A policy of always being “up and doing” enabled her to attain her present age, says Mrs. Sarah Ann Darting (Granny Dutton), near Rutledge, who was registered for a sugar ration book as being 113 years old.
Records to indicate her exact age are not available, but her family and friends declare it is well established that she is well over 100 years of age. The family Bible has the birth of her late husband, John Darting, as Jan. 9, 1822. The date was written in purple ink (pokeberry juice) with a goose quill.
Though Mrs. Darting is only 28 miles from Knoxville, she has not been there since she passed through the city in a covered wagon when she was a small child “going from Virginy to Alabam.”
A daughter and granddaughter have tried to persuade her to accompany them to Knoxville in their automobiles but she said she didn’t have time as she had “to be up and doing.”
She recalls that a sister died on the covered wagon trip from Virginia to Alabama and was buried on Lookout Mountain.
Mrs. Darting came to Grainger County from Sullivan County 75 years ago as a bride, and still has seed potatoes from slips she brought with her.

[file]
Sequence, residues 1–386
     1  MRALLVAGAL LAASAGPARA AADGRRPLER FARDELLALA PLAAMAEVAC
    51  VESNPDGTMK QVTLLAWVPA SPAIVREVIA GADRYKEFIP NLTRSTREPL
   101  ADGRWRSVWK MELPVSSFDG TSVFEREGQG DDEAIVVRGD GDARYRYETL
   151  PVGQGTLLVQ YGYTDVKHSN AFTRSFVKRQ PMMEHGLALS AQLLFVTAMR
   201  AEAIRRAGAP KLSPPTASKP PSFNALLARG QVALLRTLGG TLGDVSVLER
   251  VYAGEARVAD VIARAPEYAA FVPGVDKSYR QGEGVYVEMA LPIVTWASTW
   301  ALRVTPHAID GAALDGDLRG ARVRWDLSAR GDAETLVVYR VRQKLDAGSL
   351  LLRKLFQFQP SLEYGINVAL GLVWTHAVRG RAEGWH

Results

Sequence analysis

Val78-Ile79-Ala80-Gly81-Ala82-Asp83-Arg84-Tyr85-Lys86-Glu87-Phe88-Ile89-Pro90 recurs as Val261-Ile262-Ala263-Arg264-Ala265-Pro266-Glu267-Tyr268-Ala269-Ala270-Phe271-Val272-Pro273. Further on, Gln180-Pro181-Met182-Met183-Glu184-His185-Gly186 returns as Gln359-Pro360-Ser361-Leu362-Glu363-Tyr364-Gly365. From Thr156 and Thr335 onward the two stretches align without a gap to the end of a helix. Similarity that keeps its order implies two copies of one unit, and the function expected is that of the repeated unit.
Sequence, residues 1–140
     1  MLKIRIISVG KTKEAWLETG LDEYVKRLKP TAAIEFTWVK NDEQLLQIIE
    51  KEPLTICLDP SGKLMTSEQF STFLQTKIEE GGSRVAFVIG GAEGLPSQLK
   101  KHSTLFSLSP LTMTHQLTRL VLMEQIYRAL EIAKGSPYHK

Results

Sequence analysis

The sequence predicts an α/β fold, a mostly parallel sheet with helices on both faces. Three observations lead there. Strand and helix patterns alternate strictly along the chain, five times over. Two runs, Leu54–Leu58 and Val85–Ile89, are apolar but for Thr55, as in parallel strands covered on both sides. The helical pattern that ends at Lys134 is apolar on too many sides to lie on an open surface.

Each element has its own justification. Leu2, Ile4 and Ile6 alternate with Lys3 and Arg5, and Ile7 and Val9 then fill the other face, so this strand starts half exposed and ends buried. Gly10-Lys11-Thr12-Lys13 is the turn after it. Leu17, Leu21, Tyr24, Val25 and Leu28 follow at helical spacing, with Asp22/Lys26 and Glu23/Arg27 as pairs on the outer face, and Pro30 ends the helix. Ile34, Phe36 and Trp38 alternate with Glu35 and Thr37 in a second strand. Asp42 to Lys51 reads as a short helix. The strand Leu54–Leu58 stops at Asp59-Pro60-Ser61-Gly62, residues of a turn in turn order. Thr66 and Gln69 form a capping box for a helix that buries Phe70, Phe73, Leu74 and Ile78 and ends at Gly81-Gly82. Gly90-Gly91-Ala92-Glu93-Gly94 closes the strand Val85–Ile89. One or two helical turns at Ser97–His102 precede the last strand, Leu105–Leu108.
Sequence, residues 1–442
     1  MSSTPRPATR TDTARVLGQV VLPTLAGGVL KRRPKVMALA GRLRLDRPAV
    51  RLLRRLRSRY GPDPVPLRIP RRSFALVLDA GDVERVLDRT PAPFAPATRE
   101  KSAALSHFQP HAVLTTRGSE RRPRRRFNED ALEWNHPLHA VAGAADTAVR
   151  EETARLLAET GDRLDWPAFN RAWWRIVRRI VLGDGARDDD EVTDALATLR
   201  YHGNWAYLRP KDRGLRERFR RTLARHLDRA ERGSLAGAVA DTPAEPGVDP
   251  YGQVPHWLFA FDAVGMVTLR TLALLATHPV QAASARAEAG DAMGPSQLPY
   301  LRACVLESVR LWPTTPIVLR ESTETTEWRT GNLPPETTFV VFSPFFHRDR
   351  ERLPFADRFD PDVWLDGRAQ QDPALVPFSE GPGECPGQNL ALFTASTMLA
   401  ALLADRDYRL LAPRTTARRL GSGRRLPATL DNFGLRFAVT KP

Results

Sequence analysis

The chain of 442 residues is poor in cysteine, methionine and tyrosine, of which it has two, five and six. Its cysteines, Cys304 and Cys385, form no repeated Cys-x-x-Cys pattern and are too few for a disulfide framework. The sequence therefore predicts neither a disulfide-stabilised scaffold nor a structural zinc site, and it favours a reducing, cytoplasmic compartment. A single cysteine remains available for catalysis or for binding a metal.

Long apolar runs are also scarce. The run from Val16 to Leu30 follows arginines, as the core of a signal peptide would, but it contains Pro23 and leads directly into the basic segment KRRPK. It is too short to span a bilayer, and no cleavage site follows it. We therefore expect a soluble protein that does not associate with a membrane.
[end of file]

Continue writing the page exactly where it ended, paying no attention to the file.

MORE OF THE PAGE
She began housekeeping near where she now lives. Later she bought a small tract of land, paying $300 purchase price in cash which she carried in a flour sack, with no coin higher than a 50-cent piece included in the total.
Mrs. Darting remembered how she saved the money for the land from income she obtained through washing clothes at 25 cents a day and selling dried fruit at two to three cents a pound, and occasionally selling eggs and other farm products.
When she moved 60 years ago to the house where she now lives, she continued to walk from two to five miles and wash at 25 cents a day until a short time ago.
She attributes her long life to the fact that she had to be “up and doing” and to keeping her feet “warm and dry.”
Always she has worn brogans and homemade wool stockings.
Now, her chief joy is the companionship of a dog given her 10 years ago by a grandson and a chicken given her at Easter by a granddaughter.
Source unidentified. The newspaper clipping was found in the “Grainger County” vertical files at McClung Collection.
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